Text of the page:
(CN) – On a question of first impression, the 9th Circuit ruled that a whistleblower’s claim against the government for her share of a false-claim judgment does not interfere with the finality of the lower court’s decision to grant summary judgment to the United States.
Judy Shutt filed a false-claim action against Nida Campanilla, the owner of a nursing agency that received more than $2.77 million in Medicare reimbursements from 2003 to 2004.
Campanilla pleaded guilty to one count of health-care fraud, admitting that she made illegal payments to doctors, patients and marketers, and forged physicians’ signatures on Medicare forms, among other forms of scamming the system. Her false claims cost the government more than $608,000, for which she agreed to pay restitution.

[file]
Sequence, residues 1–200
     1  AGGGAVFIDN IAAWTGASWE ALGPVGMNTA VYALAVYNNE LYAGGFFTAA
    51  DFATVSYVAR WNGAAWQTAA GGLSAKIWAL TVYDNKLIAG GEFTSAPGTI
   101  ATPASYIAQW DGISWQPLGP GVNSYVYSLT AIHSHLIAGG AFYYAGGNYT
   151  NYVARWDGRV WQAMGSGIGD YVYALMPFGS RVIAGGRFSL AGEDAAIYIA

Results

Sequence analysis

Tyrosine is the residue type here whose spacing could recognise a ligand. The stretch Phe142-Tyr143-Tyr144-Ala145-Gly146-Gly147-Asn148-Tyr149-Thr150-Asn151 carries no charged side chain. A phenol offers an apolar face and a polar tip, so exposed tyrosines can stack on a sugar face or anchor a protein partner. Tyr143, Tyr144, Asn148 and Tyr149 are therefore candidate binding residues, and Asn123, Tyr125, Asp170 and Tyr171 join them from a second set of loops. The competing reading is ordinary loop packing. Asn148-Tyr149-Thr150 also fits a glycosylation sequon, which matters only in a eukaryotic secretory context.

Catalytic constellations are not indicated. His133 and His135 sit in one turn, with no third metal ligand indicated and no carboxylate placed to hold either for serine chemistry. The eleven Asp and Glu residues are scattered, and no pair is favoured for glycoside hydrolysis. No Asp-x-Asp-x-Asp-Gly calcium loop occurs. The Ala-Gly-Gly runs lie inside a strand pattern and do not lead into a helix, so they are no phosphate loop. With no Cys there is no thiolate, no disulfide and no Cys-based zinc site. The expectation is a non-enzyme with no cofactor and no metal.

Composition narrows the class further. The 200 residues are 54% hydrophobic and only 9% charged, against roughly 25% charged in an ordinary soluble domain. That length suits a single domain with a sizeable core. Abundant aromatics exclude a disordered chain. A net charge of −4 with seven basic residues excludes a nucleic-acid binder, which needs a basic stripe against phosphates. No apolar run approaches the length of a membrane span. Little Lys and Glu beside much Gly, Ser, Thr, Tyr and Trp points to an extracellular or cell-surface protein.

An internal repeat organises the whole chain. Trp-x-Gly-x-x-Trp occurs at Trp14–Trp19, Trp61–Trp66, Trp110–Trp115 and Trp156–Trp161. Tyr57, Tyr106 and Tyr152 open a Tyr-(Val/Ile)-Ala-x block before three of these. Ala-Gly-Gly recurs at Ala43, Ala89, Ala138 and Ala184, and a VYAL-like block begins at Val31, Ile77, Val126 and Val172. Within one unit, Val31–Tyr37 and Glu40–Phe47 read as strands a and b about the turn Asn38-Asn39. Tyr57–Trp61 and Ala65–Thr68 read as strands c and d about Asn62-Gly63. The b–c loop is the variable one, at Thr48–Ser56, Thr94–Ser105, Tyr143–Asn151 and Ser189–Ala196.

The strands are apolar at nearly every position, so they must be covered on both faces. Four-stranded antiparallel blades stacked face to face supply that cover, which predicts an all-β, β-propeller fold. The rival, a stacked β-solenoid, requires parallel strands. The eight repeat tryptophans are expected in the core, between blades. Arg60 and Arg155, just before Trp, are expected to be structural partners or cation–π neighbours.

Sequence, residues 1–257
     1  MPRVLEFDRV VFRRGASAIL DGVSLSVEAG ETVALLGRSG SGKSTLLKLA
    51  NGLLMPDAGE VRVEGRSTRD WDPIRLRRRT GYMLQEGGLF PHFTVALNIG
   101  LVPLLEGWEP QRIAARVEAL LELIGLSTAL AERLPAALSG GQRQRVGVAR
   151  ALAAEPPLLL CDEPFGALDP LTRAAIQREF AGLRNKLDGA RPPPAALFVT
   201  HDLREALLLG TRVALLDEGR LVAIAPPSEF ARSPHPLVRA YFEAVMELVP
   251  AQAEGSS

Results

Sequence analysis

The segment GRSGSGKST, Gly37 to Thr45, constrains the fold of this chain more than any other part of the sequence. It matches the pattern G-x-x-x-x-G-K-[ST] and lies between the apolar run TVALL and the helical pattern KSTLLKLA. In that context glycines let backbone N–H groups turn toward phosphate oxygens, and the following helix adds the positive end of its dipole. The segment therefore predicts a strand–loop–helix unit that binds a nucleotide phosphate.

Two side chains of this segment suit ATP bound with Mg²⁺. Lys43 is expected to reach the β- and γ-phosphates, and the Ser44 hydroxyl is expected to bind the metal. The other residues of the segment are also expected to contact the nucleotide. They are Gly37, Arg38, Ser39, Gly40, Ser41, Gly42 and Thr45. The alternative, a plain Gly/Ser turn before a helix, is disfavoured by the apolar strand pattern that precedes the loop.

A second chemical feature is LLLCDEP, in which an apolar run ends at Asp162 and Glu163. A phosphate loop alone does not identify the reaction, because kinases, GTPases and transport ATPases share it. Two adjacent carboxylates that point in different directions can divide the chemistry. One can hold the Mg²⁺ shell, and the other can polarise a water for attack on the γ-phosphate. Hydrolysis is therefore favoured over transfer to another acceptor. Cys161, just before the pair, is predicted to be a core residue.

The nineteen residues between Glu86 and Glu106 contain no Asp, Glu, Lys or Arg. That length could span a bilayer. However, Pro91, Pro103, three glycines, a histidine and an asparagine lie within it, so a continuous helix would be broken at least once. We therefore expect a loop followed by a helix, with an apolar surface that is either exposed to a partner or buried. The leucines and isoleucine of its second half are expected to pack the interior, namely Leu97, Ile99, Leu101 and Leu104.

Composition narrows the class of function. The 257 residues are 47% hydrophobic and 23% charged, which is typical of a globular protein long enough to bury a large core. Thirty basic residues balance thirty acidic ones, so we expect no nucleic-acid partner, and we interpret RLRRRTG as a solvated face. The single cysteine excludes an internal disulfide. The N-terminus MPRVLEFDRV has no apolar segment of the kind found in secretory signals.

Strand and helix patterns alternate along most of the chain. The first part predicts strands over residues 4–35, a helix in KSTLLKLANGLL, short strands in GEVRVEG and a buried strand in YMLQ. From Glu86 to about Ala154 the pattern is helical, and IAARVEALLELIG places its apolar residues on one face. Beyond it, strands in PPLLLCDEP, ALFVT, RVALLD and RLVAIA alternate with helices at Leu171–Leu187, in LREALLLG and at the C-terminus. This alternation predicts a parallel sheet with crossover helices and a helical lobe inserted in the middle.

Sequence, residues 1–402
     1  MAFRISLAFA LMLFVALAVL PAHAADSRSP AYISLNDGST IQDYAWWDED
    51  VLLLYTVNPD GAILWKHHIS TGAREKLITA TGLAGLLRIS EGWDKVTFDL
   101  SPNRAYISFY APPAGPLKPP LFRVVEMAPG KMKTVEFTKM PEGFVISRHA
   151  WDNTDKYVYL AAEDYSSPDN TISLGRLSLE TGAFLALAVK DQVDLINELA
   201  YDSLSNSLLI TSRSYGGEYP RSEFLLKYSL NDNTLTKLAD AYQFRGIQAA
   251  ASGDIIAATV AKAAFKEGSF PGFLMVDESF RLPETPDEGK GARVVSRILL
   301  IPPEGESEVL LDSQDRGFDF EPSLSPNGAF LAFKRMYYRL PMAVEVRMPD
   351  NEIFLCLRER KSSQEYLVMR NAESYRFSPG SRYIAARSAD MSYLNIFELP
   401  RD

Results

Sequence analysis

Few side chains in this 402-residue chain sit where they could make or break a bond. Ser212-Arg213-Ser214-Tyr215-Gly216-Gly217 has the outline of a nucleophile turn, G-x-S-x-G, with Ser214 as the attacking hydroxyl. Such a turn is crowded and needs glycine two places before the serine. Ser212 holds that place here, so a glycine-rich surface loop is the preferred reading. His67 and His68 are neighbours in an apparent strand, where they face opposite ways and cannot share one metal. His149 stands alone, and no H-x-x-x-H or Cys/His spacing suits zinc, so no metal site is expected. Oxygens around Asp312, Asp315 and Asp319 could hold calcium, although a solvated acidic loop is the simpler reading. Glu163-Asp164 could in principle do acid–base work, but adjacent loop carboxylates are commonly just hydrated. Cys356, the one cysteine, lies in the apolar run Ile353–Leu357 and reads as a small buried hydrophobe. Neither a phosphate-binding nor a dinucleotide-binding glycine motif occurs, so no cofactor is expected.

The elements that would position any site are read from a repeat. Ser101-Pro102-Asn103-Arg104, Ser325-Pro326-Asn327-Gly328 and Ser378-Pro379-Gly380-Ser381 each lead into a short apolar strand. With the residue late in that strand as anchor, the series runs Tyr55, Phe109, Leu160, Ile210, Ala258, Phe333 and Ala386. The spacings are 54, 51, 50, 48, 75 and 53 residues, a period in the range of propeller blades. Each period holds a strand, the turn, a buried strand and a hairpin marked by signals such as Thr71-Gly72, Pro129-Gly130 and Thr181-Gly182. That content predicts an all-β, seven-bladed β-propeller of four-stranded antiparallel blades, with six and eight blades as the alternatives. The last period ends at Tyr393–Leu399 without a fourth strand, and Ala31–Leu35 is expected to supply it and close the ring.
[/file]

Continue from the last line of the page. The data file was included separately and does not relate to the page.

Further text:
Several months later, the government intervened in the case.
The district court awarded the government $5,500 and treble damages, but dismissed its common-law claims while retaining jurisdiction over Shutt’s claim for a share of the judgment.
The 9th Circuit, for the first time, determined that the district court’s ruling was final and appealable, even though it retained jurisdiction over Shutt’s FCA claim for a slice of the judgment.
The federal appeals court in San Francisco affirmed partial summary judgment for the government.